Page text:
How to Keep Kids Engaged at the Passover Seder
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You sit down to the Passover Seder, and your four year old is already screaming about being hungry and bored. Your teenage daughter is rolling her eyes and texting under the table, and you catch a few of the adults thumbing through the pages of the haggadah and calculating how many pages are left until they can eat.
“An effective Seder is an extremely challenging proposition, especially with kids of different ages,” says Rabbi Apisdorf, award-winning author of The Passover Survival Kit. He believes that it is possible to keep kids engaged, however, parent's must make the effort to use their own creativity.
“Underneath it all, people want to have an enjoyable, meaningful Seder experience. By and large, however, they are not thinking the Seder can be that. So if all of the sudden you hit them with things that they’re not expecting, that can’t help but get a table going.”
But how can you get your eye-rolling teen and your hyperactive three year old – not to mention their aunts, uncles, and grandparents – excited about the Seder? Follow these five steps to make your Pesach Seder more memorable and fun for everyone.
Step 1: Prepare
Nothing important was ever achieved without putting a little time and effort into it. That means preparing both yourself and the rest of your family for the Seder will make everything easier in the end.
A week before Passover, spend just ten minutes at dinnertime or bedtime reading a book about the Exodus, or even reading parts of the haggadah, with your kids. Get them familiar with the storyline, making the story as dramatic as you’d like. Let them know that this year’s Seder is going to be a hit, and that the whole family is going to love it.
But when you’re in charge of the Seder, you have extra homework to do! Look through the haggadah yourself, and think about which parts you can make fun and interesting. (Ideas on how to do this to follow.)
Then look at the haggadah with a critical eye and come up with some thought-provoking questions that you think the kids would like to discuss. For example, consider the question “Why did God let us become slaves in the first place?” Remember that there is no correct answer to these questions, but they will be a springboard that children and adults can use to become more engaged in what they are reading at the Seder.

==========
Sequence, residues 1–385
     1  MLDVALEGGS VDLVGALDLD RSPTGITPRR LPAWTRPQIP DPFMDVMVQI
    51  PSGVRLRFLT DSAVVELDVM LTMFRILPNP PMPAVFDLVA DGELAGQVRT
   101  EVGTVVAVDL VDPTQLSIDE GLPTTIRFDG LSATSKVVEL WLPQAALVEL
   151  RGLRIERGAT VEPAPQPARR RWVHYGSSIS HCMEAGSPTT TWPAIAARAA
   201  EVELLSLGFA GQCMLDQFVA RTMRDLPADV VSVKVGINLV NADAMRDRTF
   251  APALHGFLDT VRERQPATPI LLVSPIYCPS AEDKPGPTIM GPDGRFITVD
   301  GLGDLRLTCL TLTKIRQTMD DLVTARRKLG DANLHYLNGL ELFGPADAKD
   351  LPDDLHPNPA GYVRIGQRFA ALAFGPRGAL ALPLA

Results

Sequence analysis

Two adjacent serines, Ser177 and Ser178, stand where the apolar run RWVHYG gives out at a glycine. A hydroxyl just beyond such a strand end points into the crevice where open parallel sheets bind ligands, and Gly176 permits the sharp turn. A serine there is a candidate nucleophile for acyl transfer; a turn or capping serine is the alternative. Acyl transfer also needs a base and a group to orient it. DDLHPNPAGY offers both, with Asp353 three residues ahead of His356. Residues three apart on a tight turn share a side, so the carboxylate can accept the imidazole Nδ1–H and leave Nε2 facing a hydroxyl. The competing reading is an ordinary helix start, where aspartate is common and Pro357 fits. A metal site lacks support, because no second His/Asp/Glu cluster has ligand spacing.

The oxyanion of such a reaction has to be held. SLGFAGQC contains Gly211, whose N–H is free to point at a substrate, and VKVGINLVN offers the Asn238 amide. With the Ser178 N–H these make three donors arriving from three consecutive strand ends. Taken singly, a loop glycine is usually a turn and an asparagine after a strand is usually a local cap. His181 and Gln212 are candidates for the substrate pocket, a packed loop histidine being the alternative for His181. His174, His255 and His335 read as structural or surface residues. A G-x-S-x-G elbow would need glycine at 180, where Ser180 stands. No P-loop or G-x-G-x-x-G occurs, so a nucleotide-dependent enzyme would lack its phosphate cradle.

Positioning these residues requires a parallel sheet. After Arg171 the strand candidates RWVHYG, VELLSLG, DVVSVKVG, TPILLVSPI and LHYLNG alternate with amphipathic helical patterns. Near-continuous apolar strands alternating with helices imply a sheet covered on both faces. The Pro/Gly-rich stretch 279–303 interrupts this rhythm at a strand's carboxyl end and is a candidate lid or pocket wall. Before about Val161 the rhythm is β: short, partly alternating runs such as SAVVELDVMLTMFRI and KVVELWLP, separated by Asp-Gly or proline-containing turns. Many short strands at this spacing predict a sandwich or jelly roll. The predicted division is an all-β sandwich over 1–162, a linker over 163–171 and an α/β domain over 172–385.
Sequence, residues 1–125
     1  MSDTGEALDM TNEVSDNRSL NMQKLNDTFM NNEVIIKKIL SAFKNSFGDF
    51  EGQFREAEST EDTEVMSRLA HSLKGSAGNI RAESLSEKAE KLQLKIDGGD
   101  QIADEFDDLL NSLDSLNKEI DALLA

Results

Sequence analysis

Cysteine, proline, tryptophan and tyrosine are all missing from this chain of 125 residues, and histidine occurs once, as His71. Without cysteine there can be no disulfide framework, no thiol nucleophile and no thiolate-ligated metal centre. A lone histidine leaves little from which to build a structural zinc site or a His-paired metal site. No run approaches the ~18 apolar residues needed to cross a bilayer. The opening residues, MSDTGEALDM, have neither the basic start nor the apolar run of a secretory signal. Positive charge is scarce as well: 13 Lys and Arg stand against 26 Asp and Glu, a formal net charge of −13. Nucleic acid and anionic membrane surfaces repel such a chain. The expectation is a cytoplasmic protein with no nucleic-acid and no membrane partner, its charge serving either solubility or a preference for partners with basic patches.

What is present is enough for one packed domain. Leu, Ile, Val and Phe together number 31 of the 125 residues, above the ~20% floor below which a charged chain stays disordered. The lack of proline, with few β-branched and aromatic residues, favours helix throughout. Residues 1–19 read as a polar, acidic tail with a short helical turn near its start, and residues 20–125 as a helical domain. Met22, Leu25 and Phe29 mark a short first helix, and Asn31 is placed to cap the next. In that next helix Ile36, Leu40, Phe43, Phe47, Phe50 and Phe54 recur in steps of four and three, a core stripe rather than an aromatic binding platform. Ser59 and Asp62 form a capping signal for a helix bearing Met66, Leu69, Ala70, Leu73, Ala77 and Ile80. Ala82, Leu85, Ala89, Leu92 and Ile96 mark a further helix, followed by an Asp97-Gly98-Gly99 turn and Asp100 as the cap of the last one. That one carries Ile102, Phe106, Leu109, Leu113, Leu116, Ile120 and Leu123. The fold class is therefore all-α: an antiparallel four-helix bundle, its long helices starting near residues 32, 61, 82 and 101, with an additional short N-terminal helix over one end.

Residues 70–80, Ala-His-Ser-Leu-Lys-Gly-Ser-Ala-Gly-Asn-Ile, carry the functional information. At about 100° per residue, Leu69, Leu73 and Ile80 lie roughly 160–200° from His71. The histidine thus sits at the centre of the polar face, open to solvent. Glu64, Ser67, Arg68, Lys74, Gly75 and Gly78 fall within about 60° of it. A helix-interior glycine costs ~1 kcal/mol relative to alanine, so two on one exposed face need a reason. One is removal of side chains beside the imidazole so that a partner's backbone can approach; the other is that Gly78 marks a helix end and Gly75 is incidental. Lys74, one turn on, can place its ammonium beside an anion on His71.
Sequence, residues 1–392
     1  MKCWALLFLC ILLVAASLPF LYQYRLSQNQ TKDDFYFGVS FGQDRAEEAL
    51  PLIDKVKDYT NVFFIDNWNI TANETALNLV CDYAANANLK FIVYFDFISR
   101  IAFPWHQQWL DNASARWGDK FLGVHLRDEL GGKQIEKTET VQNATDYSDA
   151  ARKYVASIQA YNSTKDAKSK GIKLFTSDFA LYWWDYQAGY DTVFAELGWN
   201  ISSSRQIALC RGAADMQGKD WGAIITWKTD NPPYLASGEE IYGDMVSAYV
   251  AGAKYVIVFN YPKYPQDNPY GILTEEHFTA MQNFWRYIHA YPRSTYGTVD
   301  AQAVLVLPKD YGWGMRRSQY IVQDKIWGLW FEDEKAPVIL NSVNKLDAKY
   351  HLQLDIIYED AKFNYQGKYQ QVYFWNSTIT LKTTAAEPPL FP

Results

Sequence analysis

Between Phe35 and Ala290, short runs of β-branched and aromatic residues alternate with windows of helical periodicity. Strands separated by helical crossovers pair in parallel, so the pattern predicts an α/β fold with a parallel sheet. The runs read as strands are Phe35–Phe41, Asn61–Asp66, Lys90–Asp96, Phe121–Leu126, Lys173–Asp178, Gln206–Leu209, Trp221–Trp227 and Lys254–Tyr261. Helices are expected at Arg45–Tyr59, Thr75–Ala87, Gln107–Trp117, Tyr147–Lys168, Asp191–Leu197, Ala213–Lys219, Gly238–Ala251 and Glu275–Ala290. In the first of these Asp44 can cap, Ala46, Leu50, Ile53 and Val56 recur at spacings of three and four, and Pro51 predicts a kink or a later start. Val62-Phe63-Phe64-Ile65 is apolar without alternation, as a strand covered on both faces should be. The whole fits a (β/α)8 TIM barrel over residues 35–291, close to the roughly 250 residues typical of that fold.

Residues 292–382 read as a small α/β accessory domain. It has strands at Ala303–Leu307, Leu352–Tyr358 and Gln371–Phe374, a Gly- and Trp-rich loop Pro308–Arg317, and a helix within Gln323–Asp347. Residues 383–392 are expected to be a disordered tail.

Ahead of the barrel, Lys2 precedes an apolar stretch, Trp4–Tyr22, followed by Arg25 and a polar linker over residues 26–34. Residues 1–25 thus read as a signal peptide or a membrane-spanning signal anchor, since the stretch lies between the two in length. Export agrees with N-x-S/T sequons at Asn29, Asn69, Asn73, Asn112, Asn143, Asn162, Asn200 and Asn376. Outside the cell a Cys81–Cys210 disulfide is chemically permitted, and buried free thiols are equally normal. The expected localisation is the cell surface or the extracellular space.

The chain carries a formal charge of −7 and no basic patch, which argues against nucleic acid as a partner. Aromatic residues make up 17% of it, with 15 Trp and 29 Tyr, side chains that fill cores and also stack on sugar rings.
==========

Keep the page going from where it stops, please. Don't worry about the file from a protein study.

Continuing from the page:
Step 2: Prizes!
Who doesn't love prizes? We all know that prizes can make people (kids and adults alike) more engaged and motivated to participate in just about anything. It's important though, not to think of these prizes as bribes — think of them as a Seder table investment that motivates people to ask many questions as possible.
Get some big prizes for “wow!” questions, some medium prizes for good questions, and some small prizes for the questions that are asked just for the sake of the prize. And don’t forget to give out the prizes regardless of the age of the questioner – three years old or ninety three.
Rabbi Apisdorf likes to choose prizes for his Seder that are loosely tied into a theme of the Exodus. For example, one year he bought dozens of Hawaiian leis to symbolize the “freedom” that the Jews felt when they left Egypt. Another year, he bought dozens of tiny alien figurines to symbolize the fact that the Jews were strangers (i.e., aliens) in a strange land. People like to be rewarded, and kids love winning prizes. It doesn’t matter that the prizes aren’t intrinsically worth much; what matters is that kids and adults will have fun collecting them, competing for them, and joking about them during the Seder.
Give out the prize for the best questions asked at the Seder – but don’t forget to give out prizes for good answers as well! Good questions and good answers are the backbones of a good discussion, which is what your goal should be.
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